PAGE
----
After UN Secretary-General Antonio Guterres indicated that he was ready to talk to senior officials from India and Pakistan on the situation in Kashmir and see how things can be improved on the ground, voices were raised in New Delhi addressing all stakeholders that the solution to the present crisis in Jammu and Kashmir lies in dialogue at the appropriate political level.
“Only by winning the hearts and minds of the people can their faith in the political process be restored,” former Indian External Affairs and Finance Minister, former Secretary, Ministry of External Affairs, former Air-Vice Marshal, former Chief Justice of Delhi High Court, former Special Secretary, cabinet secretariat and others said in a statement sent to The News.
However, cold statistics leave the UN and world capitals cold as reports speak about 192 violations occurringin the beginning of this year, with deaths and the injured rising and thousands of Kashmiris had taken place by January 29, killing eight civilians and injuring 58.
From January 18 to 23, the exchange of fire – light to heavy mortar shelling between Indian and Pakistani soldiers on the IB and LoC – led to the death of 13 people, including soldiers, while thousands have left their abodes.
These former high key Indians say that the anguish of the recent escalation in violence in Kashmir has led to avoidable loss of civilian lives as well as that of security force personnel.
“What is worse is that the violence shows no signs of abating. In fact, it is being stoked further by unrestrained public statements by various actors and the talk of revenge. It is also evident that despite being aware of the futility of picking up arms, an increasing number of desperate youngsters are joining the ranks of militants,” say Yashwant Sinha, former External Affairs and Finance Minister Rajmohan Gandhi, Author A P Shah, former Chief Justice of Delhi High Court Wajahat Habibullah, former Chairman, National Commission for Minorities Vappala Balachandran, former Special Secretary, cabinet secretariat, Govt of India Kapil Kak, Air-vice Marshal (R) KC Singh, former Secretary, Ministry of External Affairs Bharat Bhushan, Journalist and Sushobha Barve, Executive Secretary, Centre for Dialogue and Reconciliation.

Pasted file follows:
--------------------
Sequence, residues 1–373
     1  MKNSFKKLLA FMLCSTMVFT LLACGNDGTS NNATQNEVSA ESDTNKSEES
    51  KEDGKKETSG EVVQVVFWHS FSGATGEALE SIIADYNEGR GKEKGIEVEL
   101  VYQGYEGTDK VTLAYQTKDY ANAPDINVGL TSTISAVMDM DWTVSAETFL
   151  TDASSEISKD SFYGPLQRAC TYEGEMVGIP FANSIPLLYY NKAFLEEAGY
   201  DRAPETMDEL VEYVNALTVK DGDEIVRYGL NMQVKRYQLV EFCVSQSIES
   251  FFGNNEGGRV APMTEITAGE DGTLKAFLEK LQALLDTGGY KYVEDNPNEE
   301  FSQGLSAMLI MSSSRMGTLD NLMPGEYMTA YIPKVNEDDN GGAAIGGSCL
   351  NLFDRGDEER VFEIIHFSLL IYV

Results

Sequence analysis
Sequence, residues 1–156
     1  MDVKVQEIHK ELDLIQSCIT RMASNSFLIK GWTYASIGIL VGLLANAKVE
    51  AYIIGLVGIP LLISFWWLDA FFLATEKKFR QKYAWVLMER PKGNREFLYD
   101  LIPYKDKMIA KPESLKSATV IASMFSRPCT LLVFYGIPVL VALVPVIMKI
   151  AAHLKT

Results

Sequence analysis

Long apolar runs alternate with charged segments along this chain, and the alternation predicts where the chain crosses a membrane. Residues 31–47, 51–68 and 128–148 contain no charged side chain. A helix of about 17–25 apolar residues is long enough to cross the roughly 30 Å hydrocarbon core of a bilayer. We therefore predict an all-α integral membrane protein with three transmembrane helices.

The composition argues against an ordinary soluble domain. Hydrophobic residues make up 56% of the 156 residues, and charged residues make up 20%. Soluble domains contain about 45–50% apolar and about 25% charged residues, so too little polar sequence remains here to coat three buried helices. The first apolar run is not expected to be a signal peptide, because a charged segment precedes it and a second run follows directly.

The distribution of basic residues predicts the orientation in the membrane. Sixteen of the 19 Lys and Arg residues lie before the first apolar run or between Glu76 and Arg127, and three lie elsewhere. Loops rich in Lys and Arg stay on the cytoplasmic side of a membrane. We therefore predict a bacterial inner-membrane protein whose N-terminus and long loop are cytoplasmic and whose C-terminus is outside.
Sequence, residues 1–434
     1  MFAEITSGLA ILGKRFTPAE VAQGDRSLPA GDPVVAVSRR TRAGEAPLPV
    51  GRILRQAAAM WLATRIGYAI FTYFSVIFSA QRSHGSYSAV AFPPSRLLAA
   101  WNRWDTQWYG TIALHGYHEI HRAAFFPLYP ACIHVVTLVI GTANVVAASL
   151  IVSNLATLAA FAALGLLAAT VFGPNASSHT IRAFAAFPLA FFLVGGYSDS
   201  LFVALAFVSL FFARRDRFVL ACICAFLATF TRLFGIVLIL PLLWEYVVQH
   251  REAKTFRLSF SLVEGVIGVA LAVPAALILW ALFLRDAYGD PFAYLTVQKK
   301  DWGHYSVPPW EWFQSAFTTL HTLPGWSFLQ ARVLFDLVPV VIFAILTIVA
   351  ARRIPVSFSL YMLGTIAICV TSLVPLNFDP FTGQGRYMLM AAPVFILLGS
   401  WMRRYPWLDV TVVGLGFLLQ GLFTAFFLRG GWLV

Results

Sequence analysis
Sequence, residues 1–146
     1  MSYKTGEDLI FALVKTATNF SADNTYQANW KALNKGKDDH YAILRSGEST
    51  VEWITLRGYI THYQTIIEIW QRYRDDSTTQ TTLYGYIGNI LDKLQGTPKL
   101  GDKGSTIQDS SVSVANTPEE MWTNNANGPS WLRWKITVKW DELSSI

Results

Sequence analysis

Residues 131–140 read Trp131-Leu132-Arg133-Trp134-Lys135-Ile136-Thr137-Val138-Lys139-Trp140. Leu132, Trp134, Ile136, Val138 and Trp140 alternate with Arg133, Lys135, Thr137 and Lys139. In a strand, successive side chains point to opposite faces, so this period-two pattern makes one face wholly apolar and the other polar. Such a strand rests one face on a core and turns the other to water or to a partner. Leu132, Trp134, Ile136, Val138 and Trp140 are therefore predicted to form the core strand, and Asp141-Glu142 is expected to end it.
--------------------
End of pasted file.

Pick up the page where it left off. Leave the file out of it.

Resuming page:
Guterres was quoted by his spokesman that he “will talk to different officials if it helps [to] move the process along. That’s something that he is looking into. Beyond that, I have nothing new to say about the issue”.
The spokesman made the remarks when he was asked at his daily press briefing about the situation in Kashmir and if Guterres has been able to understand the Kashmir dispute and would he be talking to Prime Minister Narendra Modi to start a dialogue with Pakistan.
Meanwhile, the prominent Indians further added, “At this critical juncture, when an entire generation of young Kashmiris finds itself at cross-roads, we would like to urge everyone concerned to step back from the conflict.”
They pointed out that while picking up arms by the militants is bound to attract the use of force against them by the State, intensifying the confrontation can only worsen the situation. The UN chief “will look into the issue, and certainly, he will try to see what can be done to improve the situation on the ground”, said his spokesman.